The 2011 Chevrolet Cruze doesn't pretend to be something it isn't. It's not designed to appeal to urban hipsters or performance junkies. It's focused instead on the core attributes that should appeal to someone shopping compact sedans: economy, comfort, usability and safety. As a bonus, the Cruze delivers a surprising level of interior sophistication and sporty handling. If the design and execution of the Cruze are any indication of things to come, GM is well on its way to recovery.
Just as in the past, Chevy's compact sedan tries to downsize the attributes of its larger cars, so the Cruze aspires to quietness, refinement and style in a way that its competition does not. This used to seem like an odd strategy when Chevy's competition pursued either performance or fuel economy themes in order to persuade car buyers that smaller is smarter. But now that everyone has finally figured out that smart-size will be the way of the future, the game is all about reproducing the virtues of larger cars in a more economical package, so the Cruze could be in just the right place at just the right time.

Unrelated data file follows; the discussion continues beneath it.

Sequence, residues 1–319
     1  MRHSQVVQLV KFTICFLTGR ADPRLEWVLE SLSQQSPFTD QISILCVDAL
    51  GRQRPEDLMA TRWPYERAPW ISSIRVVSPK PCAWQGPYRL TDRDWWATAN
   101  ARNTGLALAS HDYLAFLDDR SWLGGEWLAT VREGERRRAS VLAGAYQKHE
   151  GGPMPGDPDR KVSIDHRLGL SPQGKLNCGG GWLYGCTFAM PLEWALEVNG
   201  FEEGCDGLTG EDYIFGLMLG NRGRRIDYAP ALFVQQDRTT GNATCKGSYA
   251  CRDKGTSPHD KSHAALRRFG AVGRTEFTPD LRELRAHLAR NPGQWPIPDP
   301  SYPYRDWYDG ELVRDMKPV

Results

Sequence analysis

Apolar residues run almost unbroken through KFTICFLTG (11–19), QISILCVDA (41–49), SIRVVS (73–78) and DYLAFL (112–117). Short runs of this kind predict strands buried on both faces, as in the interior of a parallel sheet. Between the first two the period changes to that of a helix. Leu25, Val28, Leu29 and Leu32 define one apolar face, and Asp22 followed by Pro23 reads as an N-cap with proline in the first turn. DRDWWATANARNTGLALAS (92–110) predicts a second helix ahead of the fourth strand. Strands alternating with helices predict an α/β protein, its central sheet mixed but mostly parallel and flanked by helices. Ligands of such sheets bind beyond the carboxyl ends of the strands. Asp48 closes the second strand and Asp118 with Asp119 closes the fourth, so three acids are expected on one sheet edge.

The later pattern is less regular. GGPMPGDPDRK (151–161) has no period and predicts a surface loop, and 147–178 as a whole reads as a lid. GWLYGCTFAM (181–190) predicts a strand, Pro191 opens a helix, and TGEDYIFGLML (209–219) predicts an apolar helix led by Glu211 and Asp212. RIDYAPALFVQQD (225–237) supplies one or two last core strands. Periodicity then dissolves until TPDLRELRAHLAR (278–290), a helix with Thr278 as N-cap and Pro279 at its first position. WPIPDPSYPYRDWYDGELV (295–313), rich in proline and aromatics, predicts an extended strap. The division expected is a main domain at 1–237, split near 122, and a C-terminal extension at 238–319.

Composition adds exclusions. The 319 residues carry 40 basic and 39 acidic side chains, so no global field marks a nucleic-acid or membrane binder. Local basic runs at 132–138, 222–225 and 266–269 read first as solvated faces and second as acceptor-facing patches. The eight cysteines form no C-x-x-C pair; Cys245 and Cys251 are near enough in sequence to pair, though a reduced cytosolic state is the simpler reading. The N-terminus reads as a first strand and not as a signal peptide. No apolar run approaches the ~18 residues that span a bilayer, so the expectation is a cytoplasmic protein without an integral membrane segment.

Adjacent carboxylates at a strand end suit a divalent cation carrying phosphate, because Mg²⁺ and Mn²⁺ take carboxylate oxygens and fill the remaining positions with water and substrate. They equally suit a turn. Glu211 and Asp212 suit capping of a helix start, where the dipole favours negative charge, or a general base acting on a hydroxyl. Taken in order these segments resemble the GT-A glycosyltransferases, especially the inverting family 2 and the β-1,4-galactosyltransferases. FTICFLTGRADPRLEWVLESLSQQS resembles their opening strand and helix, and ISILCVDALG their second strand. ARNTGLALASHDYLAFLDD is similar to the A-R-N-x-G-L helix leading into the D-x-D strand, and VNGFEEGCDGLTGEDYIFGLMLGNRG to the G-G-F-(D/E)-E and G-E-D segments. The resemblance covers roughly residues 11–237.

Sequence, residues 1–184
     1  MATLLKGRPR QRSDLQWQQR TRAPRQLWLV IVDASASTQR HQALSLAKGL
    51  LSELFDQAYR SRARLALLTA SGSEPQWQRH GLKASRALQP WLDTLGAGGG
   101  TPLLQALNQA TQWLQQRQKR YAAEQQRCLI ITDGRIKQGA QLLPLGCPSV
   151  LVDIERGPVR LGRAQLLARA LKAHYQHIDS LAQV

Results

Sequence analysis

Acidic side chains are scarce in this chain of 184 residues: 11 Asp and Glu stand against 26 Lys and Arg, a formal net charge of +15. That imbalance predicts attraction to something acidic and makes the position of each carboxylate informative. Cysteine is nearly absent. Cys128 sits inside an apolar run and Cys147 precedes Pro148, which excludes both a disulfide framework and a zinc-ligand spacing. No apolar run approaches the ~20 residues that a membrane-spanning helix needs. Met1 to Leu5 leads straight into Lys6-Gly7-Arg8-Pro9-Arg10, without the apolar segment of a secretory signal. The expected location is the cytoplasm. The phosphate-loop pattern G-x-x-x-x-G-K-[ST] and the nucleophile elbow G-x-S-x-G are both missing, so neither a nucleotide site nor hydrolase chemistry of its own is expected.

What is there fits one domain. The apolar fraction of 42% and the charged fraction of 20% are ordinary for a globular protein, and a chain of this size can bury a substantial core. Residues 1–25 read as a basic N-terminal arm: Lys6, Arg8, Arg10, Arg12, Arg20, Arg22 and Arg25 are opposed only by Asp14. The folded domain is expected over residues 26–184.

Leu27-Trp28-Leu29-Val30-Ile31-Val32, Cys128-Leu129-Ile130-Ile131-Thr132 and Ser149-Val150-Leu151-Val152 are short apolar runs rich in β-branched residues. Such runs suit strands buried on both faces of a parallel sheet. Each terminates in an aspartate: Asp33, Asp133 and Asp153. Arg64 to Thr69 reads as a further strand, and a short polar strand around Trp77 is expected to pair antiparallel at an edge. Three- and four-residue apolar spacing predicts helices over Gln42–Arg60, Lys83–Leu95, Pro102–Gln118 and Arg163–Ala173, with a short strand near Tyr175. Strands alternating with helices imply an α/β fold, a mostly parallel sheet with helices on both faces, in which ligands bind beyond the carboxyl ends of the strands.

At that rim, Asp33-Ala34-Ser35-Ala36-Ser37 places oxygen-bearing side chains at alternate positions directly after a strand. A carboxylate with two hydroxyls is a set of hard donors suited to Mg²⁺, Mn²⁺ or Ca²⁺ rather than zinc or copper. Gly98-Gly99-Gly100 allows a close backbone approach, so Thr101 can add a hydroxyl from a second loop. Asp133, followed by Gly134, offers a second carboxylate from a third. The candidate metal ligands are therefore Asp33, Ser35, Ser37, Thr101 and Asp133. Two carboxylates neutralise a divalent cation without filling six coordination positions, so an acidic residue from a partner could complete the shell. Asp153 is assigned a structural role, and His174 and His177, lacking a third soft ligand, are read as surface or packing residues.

The compact sedan segment once was dominated by the Honda Civic and Toyota Corolla, yet they seem slightly generic now. We'd direct shoppers instead toward the Ford Focus and the all-new Hyundai Elantra, the newest entries in the class, which reflect the new standards of refinement in compacts. Meanwhile, the slightly smaller Ford Fiesta also represents a competitive proposition. Among this group, the 2011 Chevrolet Cruze is most like a larger car, although it has its own mix of assets and liabilities.
Powering the front-wheel-drive 2011 Chevrolet Cruze LTZ is a turbocharged 1.4-liter inline-4 that produces 138 horsepower and 148 pound-feet of torque. Power output isn't all that impressive on the whole, and there's a noticeable lack of midrange motivation until the turbo kicks in higher in the rev range. The standard six-speed automatic transmission also seems out of phase with the engine's character, as its calibration for maximum fuel economy compromises throttle response in stop-and-go traffic and leads to clumsy shifting.
In Edmunds testing, the Cruze LTZ accelerated from a standstill to 60 mph in 9.3 seconds, which is about average for the class. Stopping from this speed requires 120 feet — also average for this segment. In most driving scenarios, the Cruze behaves just as any other economy sedan, and there's enough power to deal with congested commutes. At highway speeds, though, the Cruze's weak midrange power and hesitant transmission calibration lead you to floor the gas pedal to pass slower traffic, which leads to a lot more busy-ness from the engine and transmission than you really want. Even then, the Cruze feels anemic as it slowly gathers speed.